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Enhance freedom of all citizens, says IoJ

PUTRAJAYA, Friday 3 October 2014

Alyaa Alhadjri and Fazillah Pit of Geramm and Tashny Sukumaran and Lim Hui Ying of IoJ at the PM’s Office in Putrajaya. [IoJ photo]

 

In the hands of the Prime Minister's Office. [IoJ photo]

In the hands of the Prime Minister’s Office. [IoJ photo]

Journalists today handed over to the Government a petition protesting the arrest of a journalist last month under the Sedition Act and called on the Government to enhance the freedom of citizens by repealing the Act and halting its further use until the law is abolished as promised.

They also called for any charges against journalist Susan Loone to be dropped. Loone was arrested in Penang on Sept 4 over a report on police action against a state executive councillor.

“We are not merely asking the Government to free Susan Loone of all charges but by presenting our petition, we are also asking for the government to enhance the freedom of all citizens,” said Tashny Sukumaran, spokesperson for the team from the Institute of Journalists Malaysia and Gerakan Media Marah (Geramm) that presented the petition to the Prime Minister’s Office here.

Datuk Tengku Sariffuddin Tengku Ahmad, press secretary to the Prime Minister, received the petition and promised to hand the document over to Datuk Seri Najib Razak.

During the half hour meeting, he told representatives from Geramm and IoJ that the application of the Act came under the police and the Attorney General’s Chambers.

He said that support for abolishing the Sedition Act was mixed, as some groups wanted the law to remain.

The petition, bearing the signatures of more than 200 journalists from across a range of media, is addressed to the Prime Minister, the Home Minister and the Attorney-General, with copies to the Inspector-General of Police and the Chief Police Officer of Penang.

“The Sedition Act inculcates a culture of fear, not just among citizens, but particularly among journalists in view of what happened to Susan Loone, who was merely carrying out her duties in reporting on a matter of public interest.

“We note that the Act has been widely used in recent weeks against private citizens voicing their opinion on a range of topics.

“While we cannot speak for them, we believe that in Susan Loone’s case the use of the Sedition Act was unjustified in that she reported and wrote a factual account about the arrest of a state executive councillor. Her report could not, in any way, be seen as seditious in the sense of provoking general unrest among the population or an uprising against the authorities,” said Tashny.

The IoJ and Geramm hoped that the petition would underscore the grave concern with which journalists and the journalism community regards the recent crackdown on freedom of speech.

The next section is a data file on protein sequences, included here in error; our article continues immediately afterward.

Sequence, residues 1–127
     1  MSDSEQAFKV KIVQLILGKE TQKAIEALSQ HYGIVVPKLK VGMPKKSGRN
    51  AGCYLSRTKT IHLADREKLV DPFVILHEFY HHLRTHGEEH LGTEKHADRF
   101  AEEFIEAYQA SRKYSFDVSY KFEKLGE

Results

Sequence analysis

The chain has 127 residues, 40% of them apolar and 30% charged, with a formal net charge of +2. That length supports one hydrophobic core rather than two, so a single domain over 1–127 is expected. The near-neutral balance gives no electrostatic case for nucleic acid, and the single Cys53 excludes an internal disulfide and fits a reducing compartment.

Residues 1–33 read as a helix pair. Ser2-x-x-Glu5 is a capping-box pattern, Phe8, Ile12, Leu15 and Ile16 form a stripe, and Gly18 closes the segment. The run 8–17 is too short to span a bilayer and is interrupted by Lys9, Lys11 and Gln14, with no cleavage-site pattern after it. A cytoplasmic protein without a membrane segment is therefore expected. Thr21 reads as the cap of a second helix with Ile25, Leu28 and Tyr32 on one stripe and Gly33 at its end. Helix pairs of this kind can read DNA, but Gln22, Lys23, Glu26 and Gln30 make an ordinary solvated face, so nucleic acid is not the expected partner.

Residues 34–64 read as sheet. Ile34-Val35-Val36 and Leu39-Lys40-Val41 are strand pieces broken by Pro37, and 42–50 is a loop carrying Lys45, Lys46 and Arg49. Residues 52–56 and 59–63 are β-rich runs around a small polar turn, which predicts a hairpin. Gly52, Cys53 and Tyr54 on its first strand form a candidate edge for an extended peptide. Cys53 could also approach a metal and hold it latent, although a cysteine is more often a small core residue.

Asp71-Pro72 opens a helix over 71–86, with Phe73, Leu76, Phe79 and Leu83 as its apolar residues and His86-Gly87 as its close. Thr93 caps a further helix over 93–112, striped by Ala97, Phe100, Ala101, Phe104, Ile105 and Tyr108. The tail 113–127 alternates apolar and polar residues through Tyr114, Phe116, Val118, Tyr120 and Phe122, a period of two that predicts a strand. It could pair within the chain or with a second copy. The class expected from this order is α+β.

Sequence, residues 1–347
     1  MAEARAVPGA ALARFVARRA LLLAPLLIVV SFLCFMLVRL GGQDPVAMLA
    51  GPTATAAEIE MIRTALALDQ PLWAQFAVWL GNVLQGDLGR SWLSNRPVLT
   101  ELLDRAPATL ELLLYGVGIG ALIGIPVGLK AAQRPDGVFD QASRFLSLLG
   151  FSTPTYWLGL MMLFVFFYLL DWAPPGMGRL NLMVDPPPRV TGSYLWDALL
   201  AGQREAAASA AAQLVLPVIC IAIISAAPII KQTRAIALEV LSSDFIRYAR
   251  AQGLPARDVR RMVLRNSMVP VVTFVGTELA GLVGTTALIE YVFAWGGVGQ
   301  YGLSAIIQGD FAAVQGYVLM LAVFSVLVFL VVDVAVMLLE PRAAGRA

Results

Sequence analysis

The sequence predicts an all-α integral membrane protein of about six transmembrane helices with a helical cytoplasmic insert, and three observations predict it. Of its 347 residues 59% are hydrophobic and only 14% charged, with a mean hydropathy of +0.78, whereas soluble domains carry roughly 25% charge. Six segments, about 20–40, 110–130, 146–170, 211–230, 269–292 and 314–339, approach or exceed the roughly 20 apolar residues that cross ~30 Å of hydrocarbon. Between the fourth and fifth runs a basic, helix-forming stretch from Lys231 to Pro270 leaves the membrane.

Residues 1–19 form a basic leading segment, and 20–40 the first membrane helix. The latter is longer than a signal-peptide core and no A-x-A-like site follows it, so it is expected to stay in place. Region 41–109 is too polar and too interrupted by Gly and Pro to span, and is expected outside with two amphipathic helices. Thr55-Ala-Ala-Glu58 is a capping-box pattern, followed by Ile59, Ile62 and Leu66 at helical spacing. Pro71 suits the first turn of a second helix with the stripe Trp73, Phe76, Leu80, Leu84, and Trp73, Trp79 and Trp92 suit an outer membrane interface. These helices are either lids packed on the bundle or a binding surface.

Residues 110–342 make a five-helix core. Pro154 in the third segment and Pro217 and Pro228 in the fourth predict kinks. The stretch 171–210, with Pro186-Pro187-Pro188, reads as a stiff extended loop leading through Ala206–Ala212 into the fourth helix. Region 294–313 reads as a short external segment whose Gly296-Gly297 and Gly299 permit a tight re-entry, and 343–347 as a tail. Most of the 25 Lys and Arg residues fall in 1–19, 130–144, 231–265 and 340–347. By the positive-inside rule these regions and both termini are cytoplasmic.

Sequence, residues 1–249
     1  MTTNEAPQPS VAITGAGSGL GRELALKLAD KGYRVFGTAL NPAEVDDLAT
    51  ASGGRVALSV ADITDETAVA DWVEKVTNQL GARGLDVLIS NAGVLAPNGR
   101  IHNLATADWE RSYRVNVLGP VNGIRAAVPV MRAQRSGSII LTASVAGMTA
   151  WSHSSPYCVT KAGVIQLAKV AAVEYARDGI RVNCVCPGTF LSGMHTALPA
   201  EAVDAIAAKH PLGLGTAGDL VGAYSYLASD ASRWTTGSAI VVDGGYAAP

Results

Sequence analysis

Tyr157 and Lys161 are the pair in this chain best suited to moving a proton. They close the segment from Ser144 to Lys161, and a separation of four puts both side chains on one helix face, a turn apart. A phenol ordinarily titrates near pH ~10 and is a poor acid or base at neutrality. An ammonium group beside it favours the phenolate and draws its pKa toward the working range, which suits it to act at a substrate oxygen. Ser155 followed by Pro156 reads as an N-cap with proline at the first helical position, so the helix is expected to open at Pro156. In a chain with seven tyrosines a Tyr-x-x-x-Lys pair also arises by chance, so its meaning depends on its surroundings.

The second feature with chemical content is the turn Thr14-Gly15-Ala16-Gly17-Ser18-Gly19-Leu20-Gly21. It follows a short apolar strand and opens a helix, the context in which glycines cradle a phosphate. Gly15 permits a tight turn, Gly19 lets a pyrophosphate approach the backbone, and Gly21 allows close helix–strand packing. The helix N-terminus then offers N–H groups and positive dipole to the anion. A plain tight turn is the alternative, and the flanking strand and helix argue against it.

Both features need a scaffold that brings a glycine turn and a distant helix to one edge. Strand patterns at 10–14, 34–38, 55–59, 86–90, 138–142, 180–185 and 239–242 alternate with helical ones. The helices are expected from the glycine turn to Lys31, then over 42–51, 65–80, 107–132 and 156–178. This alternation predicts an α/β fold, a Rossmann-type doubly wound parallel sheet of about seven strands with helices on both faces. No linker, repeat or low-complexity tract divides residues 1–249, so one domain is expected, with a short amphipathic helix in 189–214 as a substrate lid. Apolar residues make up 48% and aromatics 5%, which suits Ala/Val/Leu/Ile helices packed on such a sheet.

“We believe wholeheartedly that all journalists should be able to carry out their duties professionally, without facing hindrance or harassment, whether from the authorities, or any other quarter,” said Fazallah Pit of Geramm.

The Institute of Journalists Malaysia is a non-profit organisation which seeks to be the professional body of Malaysian journalists at all levels and across all media streams and languages.

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Who can be members of IoJ


Membership is open to journalists at all levels from reporter or artist to editors-in-chief; that generally includes: reporters, subeditors, photographers, editorial illustrators and cartoonists, producers and presenters in broadcasting, photographers and videographers, whether employed full time, on contract, or who freelance, and whose work is published in:
* newspapers * magazines * radio or television stations * *online newspapers * web sites * news agencies * house journals * trade newsletters
Ordinary:   — those whose main source of income is derived from editorial journalistic work, whether in reporting, writing, editing, photography or videography, or editorial illustrations or editorial cartoons.
Freelance: — those who work full-time as a journalist but are not employed by any organisation
Associate:
— those employed in other occupations but who produce journalism on an occasional basis, e.g. as citizen journalists, bloggers and videographers.
— academic staff whose area of study is journalism, the media, or related fields.
— those who work in fields related to journalism, such as public relations, advertising, and marketing;
— anyone who supports the aims of the Institute and the cause of free press and free speech generally.
Student: — those enrolled in full-time studies in journalism or related fields at a college or university.
Corporate: — organisations who support the aims of the Institute and the cause of free and independent journalism, freedom of the press and freedom of expression.
Affiliate: — other organisations whose members are journalists or whose activities concern journalism, the mass media, freedom of the press, freedom of expression, human rights and democracy

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